All About Etrog (aka Esrog or Ethrog)
courtesy of freshelectron and flickr
Etrog, ethrog or esrog are all different pronouncements of the word אֶתְרוֹג, which is the most common Hebrew name for the citron or Citrus Medica.
It is one of the Four Species used in a waving ritual during the Jewish holiday of Sukkot. The other species are the lulav (date palm frond), hadass (myrtle bough), and aravah (willow branch).
Leviticus 23:40 refers to the etrog as pri eitz hadar (פְּרִי עֵץ הָדָר), which literally means, "a fruit of the beautiful tree." Modern Hebrew translates hadar as "citrus" in connection with the rabbinical definition of the etrog as the fruit referred to by the Torah. But it is remarkable from the commentary of Nahmanides, that the word "Hadar" was the original Hebrew verb for the citron solely. The name was later replaced by the word Etrog meaning love and attraction in Talmudical Aramic, which was initially adapted in Babylonia after destruction of the First Temple. The Arabic name for the fruit itranj اترنج is also cognate with the Hebrew; the itranj is mentioned favorably in the Hadith. Similar names like "turunj" etc. are found in different languages.
The Etrog is typically grown from cuttings that are two to four years old; the tree begins to bear fruit when it is around three years old. If seeds are used, it will not fruit until about seven years. Besides, there might be some genetic changes to the tree and its fruits, whenever seed propagation is used.
The fruit is ready to harvest while reaches six inches in length, for the best marketing. It is typically picked off the tree while it is still green, but in order to be considered kosher, it most at least show signs of starting to ripen by the beginning of the holiday. Its inner rind shall be much wider than the pulp. The outer surface somewhat hard, fragrant; the pulp should be dry, and may vary from sweet to strong acid, depending on the variety.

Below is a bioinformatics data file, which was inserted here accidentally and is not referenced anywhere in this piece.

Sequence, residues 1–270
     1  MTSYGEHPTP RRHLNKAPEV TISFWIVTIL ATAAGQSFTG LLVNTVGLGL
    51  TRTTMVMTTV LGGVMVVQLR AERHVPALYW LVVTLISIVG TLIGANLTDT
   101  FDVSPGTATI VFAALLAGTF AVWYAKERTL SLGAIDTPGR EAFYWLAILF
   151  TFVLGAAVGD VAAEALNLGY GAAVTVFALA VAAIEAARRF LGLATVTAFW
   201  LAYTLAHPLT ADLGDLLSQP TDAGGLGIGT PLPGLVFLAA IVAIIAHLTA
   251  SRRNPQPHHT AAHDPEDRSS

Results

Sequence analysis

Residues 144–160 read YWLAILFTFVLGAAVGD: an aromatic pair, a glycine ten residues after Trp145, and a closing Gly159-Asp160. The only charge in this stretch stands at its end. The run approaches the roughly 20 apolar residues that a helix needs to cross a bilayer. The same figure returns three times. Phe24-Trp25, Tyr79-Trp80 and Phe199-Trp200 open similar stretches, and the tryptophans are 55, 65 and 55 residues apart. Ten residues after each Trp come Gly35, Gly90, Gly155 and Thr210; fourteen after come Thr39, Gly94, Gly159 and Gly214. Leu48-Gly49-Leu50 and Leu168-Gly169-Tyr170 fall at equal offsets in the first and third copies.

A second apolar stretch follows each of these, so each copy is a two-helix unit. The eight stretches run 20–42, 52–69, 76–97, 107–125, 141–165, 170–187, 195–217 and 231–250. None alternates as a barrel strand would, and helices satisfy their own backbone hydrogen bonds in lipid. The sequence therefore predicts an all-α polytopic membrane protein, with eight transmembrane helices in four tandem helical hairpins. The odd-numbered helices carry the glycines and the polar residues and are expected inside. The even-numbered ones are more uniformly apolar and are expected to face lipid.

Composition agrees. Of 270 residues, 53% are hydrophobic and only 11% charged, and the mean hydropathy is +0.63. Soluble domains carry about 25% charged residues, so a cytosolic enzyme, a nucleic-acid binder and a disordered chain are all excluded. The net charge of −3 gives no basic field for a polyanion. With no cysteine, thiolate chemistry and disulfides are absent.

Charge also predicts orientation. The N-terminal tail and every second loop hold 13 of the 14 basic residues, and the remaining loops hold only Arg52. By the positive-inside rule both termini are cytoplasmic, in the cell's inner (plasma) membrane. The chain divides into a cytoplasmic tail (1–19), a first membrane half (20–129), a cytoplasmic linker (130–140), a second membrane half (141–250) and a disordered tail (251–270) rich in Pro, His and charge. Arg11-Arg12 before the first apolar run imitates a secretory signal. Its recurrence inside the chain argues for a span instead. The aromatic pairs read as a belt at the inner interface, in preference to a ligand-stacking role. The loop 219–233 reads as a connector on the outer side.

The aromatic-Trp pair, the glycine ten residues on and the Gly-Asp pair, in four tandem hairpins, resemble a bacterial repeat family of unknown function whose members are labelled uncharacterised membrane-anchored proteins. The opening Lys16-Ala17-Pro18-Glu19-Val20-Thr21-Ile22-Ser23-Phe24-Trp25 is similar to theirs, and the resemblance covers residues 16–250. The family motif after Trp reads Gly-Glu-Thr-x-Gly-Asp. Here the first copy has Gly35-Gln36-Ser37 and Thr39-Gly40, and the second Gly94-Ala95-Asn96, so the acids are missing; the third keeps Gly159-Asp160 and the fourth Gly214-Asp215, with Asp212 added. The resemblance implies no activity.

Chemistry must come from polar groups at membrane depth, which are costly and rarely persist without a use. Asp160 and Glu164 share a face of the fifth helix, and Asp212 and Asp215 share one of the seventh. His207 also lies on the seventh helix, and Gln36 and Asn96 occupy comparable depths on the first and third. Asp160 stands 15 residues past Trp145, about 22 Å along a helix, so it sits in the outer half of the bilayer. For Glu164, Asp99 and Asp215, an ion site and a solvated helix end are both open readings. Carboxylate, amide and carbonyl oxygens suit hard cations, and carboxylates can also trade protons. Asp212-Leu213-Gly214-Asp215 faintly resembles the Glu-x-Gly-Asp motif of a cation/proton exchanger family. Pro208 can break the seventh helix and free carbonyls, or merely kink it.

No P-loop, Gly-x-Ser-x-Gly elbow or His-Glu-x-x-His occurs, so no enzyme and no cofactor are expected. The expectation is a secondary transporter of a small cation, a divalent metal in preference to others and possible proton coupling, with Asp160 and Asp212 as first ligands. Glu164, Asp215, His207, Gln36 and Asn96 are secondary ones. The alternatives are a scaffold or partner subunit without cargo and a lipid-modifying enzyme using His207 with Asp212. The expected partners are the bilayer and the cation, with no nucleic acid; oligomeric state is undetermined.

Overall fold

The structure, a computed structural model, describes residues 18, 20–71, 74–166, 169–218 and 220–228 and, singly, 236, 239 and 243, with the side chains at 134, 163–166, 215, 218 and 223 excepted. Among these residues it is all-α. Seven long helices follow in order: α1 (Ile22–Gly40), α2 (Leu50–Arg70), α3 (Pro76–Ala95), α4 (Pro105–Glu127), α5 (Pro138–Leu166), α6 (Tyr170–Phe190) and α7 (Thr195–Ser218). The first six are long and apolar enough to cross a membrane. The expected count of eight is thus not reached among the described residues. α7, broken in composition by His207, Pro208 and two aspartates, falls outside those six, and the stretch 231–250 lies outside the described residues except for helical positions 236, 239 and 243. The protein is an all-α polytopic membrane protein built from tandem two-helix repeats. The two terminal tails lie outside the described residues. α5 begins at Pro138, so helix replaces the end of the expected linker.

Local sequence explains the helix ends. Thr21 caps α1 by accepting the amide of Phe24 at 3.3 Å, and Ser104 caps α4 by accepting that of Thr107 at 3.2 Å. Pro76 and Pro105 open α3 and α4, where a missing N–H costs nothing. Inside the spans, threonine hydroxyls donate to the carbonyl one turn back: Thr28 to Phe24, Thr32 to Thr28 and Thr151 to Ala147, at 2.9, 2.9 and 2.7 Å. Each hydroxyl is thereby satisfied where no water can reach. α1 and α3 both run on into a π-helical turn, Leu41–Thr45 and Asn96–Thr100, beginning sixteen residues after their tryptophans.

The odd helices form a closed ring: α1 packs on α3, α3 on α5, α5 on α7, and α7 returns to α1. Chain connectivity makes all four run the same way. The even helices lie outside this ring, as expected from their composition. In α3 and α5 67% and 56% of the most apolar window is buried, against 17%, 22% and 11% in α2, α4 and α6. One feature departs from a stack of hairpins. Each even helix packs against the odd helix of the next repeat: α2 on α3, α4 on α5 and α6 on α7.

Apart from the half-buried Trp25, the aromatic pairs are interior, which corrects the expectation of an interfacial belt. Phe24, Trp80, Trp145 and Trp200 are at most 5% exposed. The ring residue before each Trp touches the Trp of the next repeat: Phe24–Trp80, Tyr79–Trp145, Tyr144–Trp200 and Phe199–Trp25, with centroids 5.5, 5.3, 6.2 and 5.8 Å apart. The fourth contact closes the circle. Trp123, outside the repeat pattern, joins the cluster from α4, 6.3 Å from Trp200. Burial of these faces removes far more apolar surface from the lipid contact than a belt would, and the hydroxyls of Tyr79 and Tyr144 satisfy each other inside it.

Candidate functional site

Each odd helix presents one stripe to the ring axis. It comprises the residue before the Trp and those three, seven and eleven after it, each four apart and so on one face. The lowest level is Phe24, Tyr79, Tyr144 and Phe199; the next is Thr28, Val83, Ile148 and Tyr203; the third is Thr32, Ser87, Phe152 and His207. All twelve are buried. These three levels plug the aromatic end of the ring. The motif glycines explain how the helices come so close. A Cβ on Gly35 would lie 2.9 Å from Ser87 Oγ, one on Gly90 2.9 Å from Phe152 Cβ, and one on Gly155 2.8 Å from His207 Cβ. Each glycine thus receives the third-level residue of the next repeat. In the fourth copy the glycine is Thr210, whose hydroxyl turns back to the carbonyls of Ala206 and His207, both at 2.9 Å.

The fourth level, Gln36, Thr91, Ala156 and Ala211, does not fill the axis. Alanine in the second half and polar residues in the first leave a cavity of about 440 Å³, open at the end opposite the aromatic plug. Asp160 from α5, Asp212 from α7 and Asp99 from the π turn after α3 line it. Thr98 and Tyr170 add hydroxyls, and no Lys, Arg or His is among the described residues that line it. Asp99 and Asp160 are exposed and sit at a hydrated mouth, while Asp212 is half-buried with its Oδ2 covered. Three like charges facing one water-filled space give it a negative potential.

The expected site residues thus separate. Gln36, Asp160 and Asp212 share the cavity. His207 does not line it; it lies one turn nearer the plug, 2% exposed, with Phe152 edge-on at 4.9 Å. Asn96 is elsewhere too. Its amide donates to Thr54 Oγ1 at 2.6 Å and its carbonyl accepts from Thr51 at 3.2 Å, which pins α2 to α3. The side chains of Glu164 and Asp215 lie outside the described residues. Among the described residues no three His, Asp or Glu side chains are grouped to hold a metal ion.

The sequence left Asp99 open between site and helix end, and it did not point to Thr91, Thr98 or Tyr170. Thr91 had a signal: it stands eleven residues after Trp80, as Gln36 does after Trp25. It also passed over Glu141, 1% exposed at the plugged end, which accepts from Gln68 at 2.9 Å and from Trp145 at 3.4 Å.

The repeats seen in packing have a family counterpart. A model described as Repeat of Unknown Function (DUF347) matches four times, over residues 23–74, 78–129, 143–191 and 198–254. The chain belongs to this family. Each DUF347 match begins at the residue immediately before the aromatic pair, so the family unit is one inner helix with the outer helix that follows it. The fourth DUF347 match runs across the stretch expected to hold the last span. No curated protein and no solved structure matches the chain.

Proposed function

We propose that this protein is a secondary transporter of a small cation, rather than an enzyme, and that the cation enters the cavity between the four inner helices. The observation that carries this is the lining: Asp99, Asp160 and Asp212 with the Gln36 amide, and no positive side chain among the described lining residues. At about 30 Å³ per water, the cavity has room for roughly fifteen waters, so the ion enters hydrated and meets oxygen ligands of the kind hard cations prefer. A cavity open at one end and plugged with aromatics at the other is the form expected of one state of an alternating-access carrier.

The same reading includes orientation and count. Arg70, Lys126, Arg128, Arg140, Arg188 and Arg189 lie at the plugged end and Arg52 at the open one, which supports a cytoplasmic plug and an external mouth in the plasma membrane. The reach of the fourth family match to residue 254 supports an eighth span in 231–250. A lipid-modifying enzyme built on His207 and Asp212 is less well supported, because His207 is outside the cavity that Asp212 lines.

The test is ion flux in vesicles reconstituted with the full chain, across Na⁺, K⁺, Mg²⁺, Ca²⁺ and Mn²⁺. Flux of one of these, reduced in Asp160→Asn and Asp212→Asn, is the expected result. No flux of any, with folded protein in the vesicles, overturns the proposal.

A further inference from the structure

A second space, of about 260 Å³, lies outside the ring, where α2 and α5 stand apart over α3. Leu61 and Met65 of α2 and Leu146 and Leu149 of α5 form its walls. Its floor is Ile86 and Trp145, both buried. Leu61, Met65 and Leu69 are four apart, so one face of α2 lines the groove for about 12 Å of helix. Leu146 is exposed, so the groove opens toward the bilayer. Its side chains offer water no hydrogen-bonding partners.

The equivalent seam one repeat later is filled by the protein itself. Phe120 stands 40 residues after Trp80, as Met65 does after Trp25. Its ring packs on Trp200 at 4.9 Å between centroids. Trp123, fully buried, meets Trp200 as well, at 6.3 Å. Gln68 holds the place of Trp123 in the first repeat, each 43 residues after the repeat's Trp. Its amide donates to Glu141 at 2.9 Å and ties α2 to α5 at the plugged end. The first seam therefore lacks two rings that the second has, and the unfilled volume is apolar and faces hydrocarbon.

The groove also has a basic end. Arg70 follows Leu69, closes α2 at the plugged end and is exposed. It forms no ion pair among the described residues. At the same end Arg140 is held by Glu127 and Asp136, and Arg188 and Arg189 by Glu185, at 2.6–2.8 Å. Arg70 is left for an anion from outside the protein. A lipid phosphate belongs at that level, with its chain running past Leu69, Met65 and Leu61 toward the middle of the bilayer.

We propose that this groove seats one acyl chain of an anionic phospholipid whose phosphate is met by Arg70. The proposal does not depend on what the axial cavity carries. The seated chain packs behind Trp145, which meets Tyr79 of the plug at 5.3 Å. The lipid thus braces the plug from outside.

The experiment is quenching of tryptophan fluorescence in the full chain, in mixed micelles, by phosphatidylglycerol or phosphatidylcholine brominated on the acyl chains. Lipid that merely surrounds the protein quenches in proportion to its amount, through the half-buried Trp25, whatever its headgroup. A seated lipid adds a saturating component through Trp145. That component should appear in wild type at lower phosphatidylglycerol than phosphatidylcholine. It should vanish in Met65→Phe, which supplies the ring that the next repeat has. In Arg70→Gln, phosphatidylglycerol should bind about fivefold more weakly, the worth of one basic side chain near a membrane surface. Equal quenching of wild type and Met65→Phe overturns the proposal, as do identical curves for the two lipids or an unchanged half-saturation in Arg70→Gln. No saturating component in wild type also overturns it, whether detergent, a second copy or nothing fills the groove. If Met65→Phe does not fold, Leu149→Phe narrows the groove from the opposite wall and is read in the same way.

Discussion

According to Halakha, the etrog used in the mitzvah of the Four Species must be unblemished and of perfect form and shape. Extra special care is needed to cut around the leaves and thorns which may scratch the fruit. Also, the bearing branch should be curved in order to get the fruit growing in a straight downward position. Otherwise, the fruit will be forced to make the curve on its own body when turned downwards because of its increasing weight.
An etrog that still has a pitam at its tip (a pitam is composite of a style called in Hebrew "dad", and the stigma which is called shoshanta, usually falling off during the growing process) is considered especially valuable. However, those varieties that shed off their Pitam during growth just like the other citrus species, are also kosher. Even when the stigma break off post harvest, it could still be considered kosher as long as part of the style is remained attached.
Professor E.E. Goldschmidt once discovered that when the Picloram hormone is sprayed unto the young blossom, the number of persistent styles should increase.
The marketability of the Esrogs is also dependant by the beauty of their form, and about their cleanliness, especially at the topper part of the fruit from were the fruit is starting to narrow up towards the stylar end.
An Esrog grown on a grafted tree is not kosher for the mitzvah. According to some opinions, it shouldn’t be taken even from the cuttings of a grafted tree.
The primary mitzvah of using the Etrog is to take it along with the rest of the Four Species before and during the Hallel prayer. After the holiday, some people boil the peel of the Etrog to make jam, fruit cake, and candied fruit. There is an Ashkenazic tradition to eat the Etrog in the sacred day Tu B'Shevat as for maximizing the variety of fruits eaten on that holiday to praise the Creator of the trees, and to establish a prayer to God to provide for the Jewish fellows, a nice clean non-grafted nor hybridized Esrog for the next Sukkot.
photos courtesy of krazy_kugel and flickr
Other Etrog Resources
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